This is an amazing video shared by the extraordinary pianist in his own right, Dave Frank. It is "an afternoon with Dick Hyman." This is an opportunity to listen to a master musician share from his heart. It is a long video at about 66 minutes, but the inspiration is very worth the time it takes to listen. Enjoy!
I was in a very ordinary practice room rehearsing an accompaniment with a university student and noticed this little paper guy taped to the practice room wall. I had seen other appearances of him elsewhere in the building and it was simply something posted by a sorority in random places throughout campus. This particular one was perhaps placed inadvertently, but nevertheless with great meaning in a music practice room. The message is a simple statement "You are good enough!" Perhaps it was meant to be an encouragement to musicians who were otherwise beating themselves up over minutia and perfection or comparing themselves to others either in the professional world or perhaps peers right there on campus. "You are good enough!" the picture encouraged.
Of course, the average college music student isn't willing to accept that statement at face value and very predictably scribbled on the lower right side a response we all tell ourselves as musicians and that is, "That's loser talk." In other words, "You're never good enough."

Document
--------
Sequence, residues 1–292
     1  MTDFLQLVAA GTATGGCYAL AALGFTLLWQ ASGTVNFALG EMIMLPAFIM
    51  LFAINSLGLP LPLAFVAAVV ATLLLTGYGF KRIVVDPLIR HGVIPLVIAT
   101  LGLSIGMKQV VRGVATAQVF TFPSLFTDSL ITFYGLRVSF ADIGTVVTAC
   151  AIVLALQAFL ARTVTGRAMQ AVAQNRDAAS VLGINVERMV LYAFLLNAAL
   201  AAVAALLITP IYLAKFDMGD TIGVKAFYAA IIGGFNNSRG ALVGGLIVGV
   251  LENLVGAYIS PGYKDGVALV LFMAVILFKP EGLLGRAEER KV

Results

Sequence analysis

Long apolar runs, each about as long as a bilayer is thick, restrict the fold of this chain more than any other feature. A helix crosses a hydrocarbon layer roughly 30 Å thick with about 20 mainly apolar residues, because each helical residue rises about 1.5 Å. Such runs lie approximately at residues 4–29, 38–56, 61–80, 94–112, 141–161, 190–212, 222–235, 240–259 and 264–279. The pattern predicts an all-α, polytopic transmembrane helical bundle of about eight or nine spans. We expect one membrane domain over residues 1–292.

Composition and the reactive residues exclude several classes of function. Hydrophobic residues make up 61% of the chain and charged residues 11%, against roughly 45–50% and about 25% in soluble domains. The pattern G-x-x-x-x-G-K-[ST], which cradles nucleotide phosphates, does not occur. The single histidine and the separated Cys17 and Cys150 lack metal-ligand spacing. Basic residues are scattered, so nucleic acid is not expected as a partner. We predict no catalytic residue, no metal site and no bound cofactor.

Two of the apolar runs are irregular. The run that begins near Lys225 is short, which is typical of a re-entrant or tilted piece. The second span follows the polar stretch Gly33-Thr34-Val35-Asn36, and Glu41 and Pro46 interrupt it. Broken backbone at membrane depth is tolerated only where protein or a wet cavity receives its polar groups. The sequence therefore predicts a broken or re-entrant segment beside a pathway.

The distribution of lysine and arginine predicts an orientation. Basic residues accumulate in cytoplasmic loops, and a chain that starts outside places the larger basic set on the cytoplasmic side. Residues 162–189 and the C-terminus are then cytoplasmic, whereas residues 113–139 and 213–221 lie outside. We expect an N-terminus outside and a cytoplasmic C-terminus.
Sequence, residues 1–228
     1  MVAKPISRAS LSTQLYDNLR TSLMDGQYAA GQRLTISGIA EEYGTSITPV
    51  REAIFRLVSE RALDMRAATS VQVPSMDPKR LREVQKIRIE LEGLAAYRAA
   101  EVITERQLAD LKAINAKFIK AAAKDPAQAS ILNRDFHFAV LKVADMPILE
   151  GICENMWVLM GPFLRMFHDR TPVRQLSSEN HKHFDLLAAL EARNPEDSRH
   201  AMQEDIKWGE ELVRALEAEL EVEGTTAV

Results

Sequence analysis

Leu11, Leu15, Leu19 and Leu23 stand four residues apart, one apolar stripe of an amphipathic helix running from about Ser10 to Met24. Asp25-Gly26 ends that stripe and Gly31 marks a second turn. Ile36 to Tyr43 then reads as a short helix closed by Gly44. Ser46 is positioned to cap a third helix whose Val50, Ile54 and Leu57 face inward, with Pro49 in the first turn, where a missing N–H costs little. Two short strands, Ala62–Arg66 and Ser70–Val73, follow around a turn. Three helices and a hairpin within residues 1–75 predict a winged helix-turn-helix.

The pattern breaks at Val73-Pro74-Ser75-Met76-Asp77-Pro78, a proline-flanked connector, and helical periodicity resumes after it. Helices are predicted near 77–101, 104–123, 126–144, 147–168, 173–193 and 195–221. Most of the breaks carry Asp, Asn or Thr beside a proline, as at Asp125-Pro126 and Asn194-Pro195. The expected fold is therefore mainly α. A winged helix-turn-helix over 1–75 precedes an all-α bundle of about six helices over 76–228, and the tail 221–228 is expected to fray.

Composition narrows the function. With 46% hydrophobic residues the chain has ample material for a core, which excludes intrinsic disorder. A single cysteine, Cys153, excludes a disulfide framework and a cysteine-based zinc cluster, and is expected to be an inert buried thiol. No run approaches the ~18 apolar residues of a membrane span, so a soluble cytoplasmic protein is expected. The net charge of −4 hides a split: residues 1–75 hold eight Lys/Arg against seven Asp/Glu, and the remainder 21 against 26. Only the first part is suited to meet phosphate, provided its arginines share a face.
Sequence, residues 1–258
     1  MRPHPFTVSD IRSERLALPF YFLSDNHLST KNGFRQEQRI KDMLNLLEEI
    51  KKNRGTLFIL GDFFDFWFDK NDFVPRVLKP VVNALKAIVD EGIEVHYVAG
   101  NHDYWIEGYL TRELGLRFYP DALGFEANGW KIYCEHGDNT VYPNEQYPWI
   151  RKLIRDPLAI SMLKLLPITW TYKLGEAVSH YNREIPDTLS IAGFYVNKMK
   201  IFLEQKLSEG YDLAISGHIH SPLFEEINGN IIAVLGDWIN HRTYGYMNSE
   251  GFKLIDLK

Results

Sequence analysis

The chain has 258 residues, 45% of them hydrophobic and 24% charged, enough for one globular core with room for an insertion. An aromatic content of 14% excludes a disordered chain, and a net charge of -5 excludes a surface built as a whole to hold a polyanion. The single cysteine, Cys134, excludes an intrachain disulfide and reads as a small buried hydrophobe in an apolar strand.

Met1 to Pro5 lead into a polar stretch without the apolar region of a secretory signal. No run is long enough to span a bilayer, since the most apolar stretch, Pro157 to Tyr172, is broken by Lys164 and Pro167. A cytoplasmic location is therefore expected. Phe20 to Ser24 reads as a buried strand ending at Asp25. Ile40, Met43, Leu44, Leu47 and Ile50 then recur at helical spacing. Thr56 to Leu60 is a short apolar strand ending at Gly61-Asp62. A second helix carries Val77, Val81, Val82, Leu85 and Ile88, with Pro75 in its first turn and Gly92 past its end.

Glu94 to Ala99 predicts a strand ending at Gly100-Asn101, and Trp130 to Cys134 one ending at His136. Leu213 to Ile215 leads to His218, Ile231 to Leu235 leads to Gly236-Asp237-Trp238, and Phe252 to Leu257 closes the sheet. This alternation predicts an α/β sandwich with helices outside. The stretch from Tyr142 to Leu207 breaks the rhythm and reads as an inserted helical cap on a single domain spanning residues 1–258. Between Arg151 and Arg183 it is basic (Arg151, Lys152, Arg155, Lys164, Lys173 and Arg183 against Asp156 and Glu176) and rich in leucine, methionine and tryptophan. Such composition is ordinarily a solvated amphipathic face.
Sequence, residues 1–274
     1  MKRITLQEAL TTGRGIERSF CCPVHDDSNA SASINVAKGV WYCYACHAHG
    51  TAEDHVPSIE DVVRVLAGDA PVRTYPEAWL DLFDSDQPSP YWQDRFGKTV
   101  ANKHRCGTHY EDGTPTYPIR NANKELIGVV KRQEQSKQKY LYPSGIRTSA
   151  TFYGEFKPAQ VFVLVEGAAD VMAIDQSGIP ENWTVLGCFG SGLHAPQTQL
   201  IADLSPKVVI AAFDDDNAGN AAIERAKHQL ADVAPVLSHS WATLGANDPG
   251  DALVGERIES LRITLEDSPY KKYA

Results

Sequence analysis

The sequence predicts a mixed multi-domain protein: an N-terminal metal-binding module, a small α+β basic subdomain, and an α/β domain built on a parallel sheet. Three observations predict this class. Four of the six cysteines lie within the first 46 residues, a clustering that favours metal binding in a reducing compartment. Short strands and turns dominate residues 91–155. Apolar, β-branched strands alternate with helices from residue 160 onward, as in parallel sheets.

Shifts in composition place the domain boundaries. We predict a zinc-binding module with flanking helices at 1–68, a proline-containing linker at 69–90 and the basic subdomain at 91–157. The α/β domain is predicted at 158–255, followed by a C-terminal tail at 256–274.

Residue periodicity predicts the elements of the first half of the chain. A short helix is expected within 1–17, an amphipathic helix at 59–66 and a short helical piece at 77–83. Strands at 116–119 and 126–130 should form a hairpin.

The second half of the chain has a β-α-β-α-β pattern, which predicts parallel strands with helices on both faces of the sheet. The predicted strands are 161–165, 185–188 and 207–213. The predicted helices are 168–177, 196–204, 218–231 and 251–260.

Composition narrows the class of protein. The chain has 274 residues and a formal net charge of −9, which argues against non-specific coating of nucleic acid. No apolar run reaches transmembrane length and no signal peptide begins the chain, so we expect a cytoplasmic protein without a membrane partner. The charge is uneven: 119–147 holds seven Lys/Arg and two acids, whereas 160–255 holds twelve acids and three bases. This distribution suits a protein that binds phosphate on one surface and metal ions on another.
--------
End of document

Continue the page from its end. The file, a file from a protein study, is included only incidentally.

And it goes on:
The contrast to those two statements got me thinking about a paradigm of practice. On one hand, one might say we're never really good enough, and accepting and telling ourselves that we are is no more than "loser talk" or dooming us to no further growth or improvement. Face it! There is always room for progress and improvement. But, is it really "loser talk" or is there actually an intrinsic value to tell one's self that he or she is truly "good enough?"
I truly believe that we need to regularly remind ourselves that we are good enough and use that positive talk and reinforcement as encouragement to motivate ourselves in our practicing and progressing.
Don't believe me? Try out these areas in which you might really be "good enough."
Yeah, I really think you are GOOD ENOUGH!
McCoy Tyner grew up in Philadelphia, Pennsylvania. He took traditional classical piano lessons from a neighbor and was inspired by music by Art Tatum and Thelonius Monk, but it was the musicians in his Philadelphia neighborhood that shaped his development. He played jam sessions with Lee Morgan, Bobby Timmons, and Reggie Workman and was asked by John Coltrane to join him while still a student in high school. Coltrane was making plans to leave Miles Davis' band and form his own. It was around this time that Tyner converted to Islam. This spiritual journey influences his playing as he explored who he was and in turn explored new tonal and modal structures.
It almost seems Tyner played and recorded with all the famous musicians of his day. While Tyner was known for an energetic style that embraced African, Latin, Eastern, and bebop rhythms, he had a special love for ballads. Ballads revealed one's passion according to Tyner. Aisha was written for his wife and is one of the few actually recorded by John Coltrane. This particular recording showcases Tyner's expressive style and features Hubert Laws on flute, Freddie Hubbard on trumpet, Bernie Maupin on tenor, Bobby Hutcherson on vibes, Stanley Clarke on Bass, Jack DeJohnette on drums, and Bill Summers on percussion.